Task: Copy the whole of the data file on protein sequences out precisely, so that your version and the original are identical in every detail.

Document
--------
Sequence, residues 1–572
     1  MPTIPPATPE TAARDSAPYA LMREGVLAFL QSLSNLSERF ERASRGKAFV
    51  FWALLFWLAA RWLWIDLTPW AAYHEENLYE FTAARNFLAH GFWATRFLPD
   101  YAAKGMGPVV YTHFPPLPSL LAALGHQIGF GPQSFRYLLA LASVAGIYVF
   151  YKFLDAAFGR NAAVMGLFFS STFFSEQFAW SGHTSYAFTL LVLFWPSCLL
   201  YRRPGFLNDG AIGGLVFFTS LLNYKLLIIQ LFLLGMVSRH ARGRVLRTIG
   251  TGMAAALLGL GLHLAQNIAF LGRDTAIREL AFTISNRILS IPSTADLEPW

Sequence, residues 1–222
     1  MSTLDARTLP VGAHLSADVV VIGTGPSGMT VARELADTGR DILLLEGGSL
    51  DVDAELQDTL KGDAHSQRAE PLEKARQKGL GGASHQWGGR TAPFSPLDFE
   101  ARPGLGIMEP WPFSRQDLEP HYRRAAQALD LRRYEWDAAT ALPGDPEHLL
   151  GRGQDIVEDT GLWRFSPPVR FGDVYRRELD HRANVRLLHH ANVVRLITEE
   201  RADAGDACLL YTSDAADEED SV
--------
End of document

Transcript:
Sequence, residues 1–572
     1  MPTIPPATPE TAARDSAPYA LMREGVLAFL QSLSNLSERF ERASRGKAFV
    51  FWALLFWLAA RWLWIDLTPW AAYHEENLYE FTAARNFLAH GFWATRFLPD
   101  YAAKGMGPVV YTHFPPLPSL LAALGHQIGF GPQSFRYLLA LASVAGIYVF
   151  YKFLDAAFGR NAAVMGLFFS STFFSEQFAW SGHTSYAFTL LVLFWPSCLL
   201  YRRPGFLNDG AIGGLVFFTS LLNYKLLIIQ LFLLGMVSRH ARGRVLRTIG
   251  TGMAAALLGL GLHLAQNIAF LGRDTAIREL AFTISNRILS IPSTADLEPW

Sequence, residues 1–222
     1  MSTLDARTLP VGAHLSADVV VIGTGPSGMT VARELADTGR DILLLEGGSL
    51  DVDAELQDTL KGDAHSQRAE PLEKARQKGL GGASHQWGGR TAPFSPLDFE
   101  ARPGLGIMEP WPFSRQDLEP HYRRAAQALD LRRYEWDAAT ALPGDPEHLL
   151  GRGQDIVEDT GLWRFSPPVR FGDVYRRELD HRANVRLLHH ANVVRLITEE
   201  RADAGDACLL YTSDAADEED SV